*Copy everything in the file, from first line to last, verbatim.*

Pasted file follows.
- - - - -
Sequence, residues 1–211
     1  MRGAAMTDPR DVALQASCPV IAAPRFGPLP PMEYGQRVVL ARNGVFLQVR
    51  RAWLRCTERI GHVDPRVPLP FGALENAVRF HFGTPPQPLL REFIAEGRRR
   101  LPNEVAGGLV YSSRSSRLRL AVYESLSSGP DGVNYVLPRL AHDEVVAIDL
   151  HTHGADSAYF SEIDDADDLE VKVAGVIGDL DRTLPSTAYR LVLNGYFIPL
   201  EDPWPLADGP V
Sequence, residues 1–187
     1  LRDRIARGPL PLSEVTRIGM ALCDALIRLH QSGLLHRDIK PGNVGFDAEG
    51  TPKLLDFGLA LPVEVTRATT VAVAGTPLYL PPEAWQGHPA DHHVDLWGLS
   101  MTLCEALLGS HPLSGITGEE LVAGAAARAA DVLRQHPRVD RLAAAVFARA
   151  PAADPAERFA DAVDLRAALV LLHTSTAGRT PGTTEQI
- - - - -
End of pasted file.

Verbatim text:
Sequence, residues 1–211
     1  MRGAAMTDPR DVALQASCPV IAAPRFGPLP PMEYGQRVVL ARNGVFLQVR
    51  RAWLRCTERI GHVDPRVPLP FGALENAVRF HFGTPPQPLL REFIAEGRRR
   101  LPNEVAGGLV YSSRSSRLRL AVYESLSSGP DGVNYVLPRL AHDEVVAIDL
   151  HTHGADSAYF SEIDDADDLE VKVAGVIGDL DRTLPSTAYR LVLNGYFIPL
   201  EDPWPLADGP V
Sequence, residues 1–187
     1  LRDRIARGPL PLSEVTRIGM ALCDALIRLH QSGLLHRDIK PGNVGFDAEG
    51  TPKLLDFGLA LPVEVTRATT VAVAGTPLYL PPEAWQGHPA DHHVDLWGLS
   101  MTLCEALLGS HPLSGITGEE LVAGAAARAA DVLRQHPRVD RLAAAVFARA
   151  PAADPAERFA DAVDLRAALV LLHTSTAGRT PGTTEQI